Excel’s early function-based macros were a major improvement over keystroke macros, but they still had two big drawbacks. First, Excel macros were very specific to Excel-the functions looked too much like spreadsheet formulas to be able to adapt to other applications, such as Microsoft Office Word. Second, the number of functions increased with each new version of Microsoft Office, and there was no good way to organize or group the thousands of possibilities.
To solve the first limitation-that function-based macros are specific to Excel-Microsoft introduced Visual Basic for Applications, or VBA, starting with Microsoft Excel version 5. VBA acts as a general-purpose language that is independent of the application. Suddenly, anyone who knows how to work with any version of Microsoft Visual Basic has a big head start in automating Excel, and anyone who learns how to write Excel macros in VBA can transfer that knowledge to other types of Visual Basic programming. In addition, although Excel was the first major application to use VBA, VBA is not tied directly to Excel; it works just as well with other VBA-enabled applications, such as Word and Microsoft Office PowerPoint.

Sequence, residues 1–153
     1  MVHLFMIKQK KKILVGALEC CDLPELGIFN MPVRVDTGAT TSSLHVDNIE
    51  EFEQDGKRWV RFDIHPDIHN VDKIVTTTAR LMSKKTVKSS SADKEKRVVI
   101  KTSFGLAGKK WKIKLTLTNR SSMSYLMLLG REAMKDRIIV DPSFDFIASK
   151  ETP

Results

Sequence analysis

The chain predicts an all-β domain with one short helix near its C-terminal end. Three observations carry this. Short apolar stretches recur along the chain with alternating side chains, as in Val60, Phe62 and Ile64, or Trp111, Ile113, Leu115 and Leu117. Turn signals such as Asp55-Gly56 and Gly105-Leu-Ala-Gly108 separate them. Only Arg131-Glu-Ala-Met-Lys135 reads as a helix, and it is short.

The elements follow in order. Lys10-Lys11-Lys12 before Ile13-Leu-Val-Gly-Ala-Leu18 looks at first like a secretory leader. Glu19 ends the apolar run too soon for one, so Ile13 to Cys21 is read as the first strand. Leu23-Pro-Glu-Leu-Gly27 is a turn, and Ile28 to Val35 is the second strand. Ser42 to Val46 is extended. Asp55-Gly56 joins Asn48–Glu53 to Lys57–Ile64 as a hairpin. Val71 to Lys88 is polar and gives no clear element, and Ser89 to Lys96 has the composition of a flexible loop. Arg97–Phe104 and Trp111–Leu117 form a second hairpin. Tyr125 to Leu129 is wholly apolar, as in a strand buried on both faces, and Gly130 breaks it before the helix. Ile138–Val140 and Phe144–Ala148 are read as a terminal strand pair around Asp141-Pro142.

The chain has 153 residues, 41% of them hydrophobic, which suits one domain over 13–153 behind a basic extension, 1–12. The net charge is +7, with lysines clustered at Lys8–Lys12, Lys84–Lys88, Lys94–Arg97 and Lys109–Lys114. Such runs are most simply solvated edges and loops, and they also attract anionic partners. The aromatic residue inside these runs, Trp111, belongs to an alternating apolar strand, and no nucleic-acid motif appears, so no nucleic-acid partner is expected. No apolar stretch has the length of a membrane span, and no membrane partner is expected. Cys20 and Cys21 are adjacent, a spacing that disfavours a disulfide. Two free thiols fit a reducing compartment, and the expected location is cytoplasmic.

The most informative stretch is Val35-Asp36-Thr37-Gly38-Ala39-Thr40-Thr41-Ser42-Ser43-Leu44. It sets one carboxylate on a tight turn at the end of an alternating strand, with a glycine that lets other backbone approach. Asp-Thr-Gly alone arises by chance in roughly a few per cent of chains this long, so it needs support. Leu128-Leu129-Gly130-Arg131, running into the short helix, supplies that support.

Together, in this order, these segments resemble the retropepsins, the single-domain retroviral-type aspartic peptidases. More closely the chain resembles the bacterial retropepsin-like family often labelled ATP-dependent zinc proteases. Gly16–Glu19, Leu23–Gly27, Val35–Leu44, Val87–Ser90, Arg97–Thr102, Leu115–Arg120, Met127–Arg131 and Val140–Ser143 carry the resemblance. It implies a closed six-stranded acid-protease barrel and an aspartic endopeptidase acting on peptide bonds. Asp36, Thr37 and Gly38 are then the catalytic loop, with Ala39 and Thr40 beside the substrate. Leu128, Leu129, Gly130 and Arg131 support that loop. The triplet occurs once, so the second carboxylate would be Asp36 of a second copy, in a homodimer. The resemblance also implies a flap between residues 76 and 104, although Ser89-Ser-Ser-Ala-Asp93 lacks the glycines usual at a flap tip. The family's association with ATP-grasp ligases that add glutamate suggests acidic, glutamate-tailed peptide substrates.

To solve the second limitation of function-based macros-that there are too many commands to manage effectively-VBA works with an object model. The term object model sounds pretty scary, but it’s really just a logical way to organize all the commands you can carry out in an application. In an object model, each different part of the application-for example, a workbook, a range, or a point on a chart-becomes an object, and each object has its own list of functions. You’ll learn more later about what an object is and how objects relate to functions, but the point is that the object model organizes all the millions of possible commands around how each command is used-for example, you copy and paste a range of cells, but you don’t copy and paste points on a chart.
Because of the object model, VBA doesn’t need any special access to the internals of Excel. Rather, Excel exposes its capabilities to the outside world by means of the object model, and VBA talks to the object model.
This means that an Excel VBA macro can control not only Excel, but also any application that provides an object model. All Microsoft Office applications, and several other Microsoft and non-Microsoft applications, provide appropriate object models.